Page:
Re: "The Blind Watchmaker"

From: Stevan Harnad (harnad@coglit.soton.ac.uk)
Date: Sun Nov 02 1997 - 19:44:12 GMT


> From: Nik Bollons <nsb195@soton.ac.uk>

> 1)Through reproduction, random mutations are ^—offered up^“
> into the population of a species.

Random mutations occur and are passed on if they improve (or do not
worsen) success at survival and reproduction. Another source of
variations on which selection can act is the recombination of genes that
occurs in sexual reproduction.

> 2)These mutations are not totally random but are under the
> confines of physics, and embryo development - otherwise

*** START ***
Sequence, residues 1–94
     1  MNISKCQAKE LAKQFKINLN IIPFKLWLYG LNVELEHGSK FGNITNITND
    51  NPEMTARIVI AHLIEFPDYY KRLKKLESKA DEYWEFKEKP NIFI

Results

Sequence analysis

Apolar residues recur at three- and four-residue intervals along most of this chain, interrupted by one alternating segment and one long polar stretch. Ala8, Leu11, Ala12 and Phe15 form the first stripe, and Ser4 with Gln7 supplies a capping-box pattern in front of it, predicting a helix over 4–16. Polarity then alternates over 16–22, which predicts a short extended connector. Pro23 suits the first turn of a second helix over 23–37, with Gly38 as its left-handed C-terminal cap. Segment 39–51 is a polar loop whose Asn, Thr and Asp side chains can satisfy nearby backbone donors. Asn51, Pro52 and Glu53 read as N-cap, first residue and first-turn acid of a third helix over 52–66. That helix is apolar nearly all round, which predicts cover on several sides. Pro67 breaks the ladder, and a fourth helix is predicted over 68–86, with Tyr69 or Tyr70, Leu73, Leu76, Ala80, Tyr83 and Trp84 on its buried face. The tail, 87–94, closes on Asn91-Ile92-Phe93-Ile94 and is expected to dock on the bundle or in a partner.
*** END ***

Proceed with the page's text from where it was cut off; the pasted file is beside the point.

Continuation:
> evolution would have offered up things like ^—dragons^“ for
> selection.

Yes, the changes are small and gradual, operating on what was already
shaped by earlier evolution. I would guess that there is already so much
variety in the genome that evolution could probably accomplish a lot with
just recombination, which includes changes in the developmental
programme, which can often produce remarkable unexpected effects.

> 3)Also, mutations are usually in the direction of
> what existing matter the organism has already - stumps turn
> into fingers over a period time - rather than just creating
> something totally random.

Yes, once you get the ball rolling in one direction, it's easier to speed
it up than to try to get it going in another direction.

> 4)And, the mutation is never massive - such as a man with
> wings (macro-mutations).

Big mutations usually produce a "nonviable" foetus: a foetus that does
not survive to term. Our balance is too delicate to be suddenly shaken up
drastically and still survive to tell the tale.



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